Located just a short walk from downtown attractions, such as the Columbia Museum of Art, you can gather information not only about the history of the university, but also about fun things to do as you explore. Topping our list is taking a self-guided walking tour of the campus. Along the way, you'll follow a network of old brick trails and paved trails through the historic horseshoe, a park-like environment, and the original 1801 campus, around which some of the university's most important sites are located, including the McCutchen House. The Robert Mills House and Gardens was built in 1825 in classic Renaissance style as a private residence by Robert Mills, the designer of the Washington Monument in Washington, DC.
Saved from the wrecking ball in 1961, the house reopened its doors as a historical museum and has an extensive collection of period pieces and decorative arts furniture, many of the styles of the Federal Empire of the United States and the French Empire. The gardens were a later addition to restoration in the 1960s and are in classic English style. The Woodrow Wilson family home is the only presidential site in South Carolina. This Italian-villa-style mansion was the childhood home of Woodrow Wilson, the 28th president of the United States.
The exhibits, vignettes and backstories talk about Tommy, as Wilson was then known, and offer an early narrative (around 187) of the story of this great American. The stadium also regularly hosts rock and pop concerts, with legends such as U2 and Paul McCartney performing here. In the more than 26,000 acres of Congaree National Park, you can enjoy the splendor of outdoor activities in low-lying areas, where the nutrient-rich Congaree and Wateree rivers overflow into the floor of this lush lowland forest. A good first stop here is the Hampton Visitor Center, where you can collect maps of trails, canoes and kayaks, chat with a ranger and learn about the amazing biodiversity of one of the highest deciduous forests in the world.
The average height of the tree canopy is well over 100 feet tall. The center has some small but interesting exhibits, along with models and a youth ranger program to make the visit more fun for children. The nearby 2.5-mile Boardwalk trail will keep your feet clean and dry as you walk through lush forests. The marked rails show the numbers corresponding to your map and provide descriptions of the park's ecology.
You'll want sturdy boots and hiking gear on any of the other trails, as the lowlands can be wet and muddy. Cedar Creek runs through the center of the park and is ideal for canoeing and kayaking. Some historic homes educate visitors about local civil rights movements, others document the work of prominent black figures in Columbia and the South in general, and more. When looking for the best things to do in Columbia, South Carolina, consider taking a tour of the South Carolina State House of Representatives.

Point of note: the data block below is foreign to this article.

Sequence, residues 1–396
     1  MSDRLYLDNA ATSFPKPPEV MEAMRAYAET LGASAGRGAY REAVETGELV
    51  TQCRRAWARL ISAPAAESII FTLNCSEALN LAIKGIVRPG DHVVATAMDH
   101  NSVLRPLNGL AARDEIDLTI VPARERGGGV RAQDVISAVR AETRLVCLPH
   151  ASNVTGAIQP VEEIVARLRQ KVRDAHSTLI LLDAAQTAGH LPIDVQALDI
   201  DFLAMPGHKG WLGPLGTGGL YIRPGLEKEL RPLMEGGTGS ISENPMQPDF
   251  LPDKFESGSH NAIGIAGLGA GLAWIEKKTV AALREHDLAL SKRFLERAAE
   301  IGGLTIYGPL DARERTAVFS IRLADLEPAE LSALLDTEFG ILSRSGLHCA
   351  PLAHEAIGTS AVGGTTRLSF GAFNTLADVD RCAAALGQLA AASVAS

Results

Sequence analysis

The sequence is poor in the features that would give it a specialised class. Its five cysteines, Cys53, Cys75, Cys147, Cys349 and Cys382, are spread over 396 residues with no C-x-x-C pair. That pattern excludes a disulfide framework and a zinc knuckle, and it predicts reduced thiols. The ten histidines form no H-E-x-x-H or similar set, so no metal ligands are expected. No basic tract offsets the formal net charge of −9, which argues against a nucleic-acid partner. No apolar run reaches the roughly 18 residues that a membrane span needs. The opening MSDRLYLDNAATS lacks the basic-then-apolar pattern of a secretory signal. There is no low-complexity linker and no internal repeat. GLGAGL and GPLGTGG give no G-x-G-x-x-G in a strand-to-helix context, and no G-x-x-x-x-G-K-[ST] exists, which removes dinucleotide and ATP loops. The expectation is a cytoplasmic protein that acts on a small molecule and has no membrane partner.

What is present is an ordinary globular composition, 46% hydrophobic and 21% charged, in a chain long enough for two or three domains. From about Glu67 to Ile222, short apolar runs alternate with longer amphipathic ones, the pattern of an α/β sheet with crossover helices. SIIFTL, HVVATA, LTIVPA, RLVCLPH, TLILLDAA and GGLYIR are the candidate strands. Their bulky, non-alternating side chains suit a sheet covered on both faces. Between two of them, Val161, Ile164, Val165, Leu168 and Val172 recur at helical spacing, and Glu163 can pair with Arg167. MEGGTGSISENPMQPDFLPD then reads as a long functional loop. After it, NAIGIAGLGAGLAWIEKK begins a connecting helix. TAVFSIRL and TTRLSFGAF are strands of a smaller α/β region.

For family travelers, the South Carolina State Museum is one of the best things to do in Columbia with kids. A visit to the South Carolina Military Museum is definitely one of the best things to do for free in Columbia for history lovers. Located next to the South Carolina State Fairgrounds, this state-of-the-art, fully renovated stadium hosts a crowd of more than 80,000 fans on match day and usually sells out in advance, so plan ahead if you want to watch a game. Some notable attractions include the South Carolina State Museum, the Riverbanks Zoo, the & Garden, and the Columbia Museum of Art.
It is also the permanent home of the South Carolina Philharmonic Orchestra and the Columbia City Ballet, both of which have a rich program of performances throughout the year. The Confederate Military Museum Relic Room & in South Carolina is the third oldest museum in South Carolina and tells the state's military history from the Revolutionary War to the current war on terror. Today, the city is the vibrant home of the University of South Carolina; it enjoys a diverse economic landscape driven by high-tech, pharmaceutical and manufacturing industries; and it has become a contemporary and brilliant New South city. .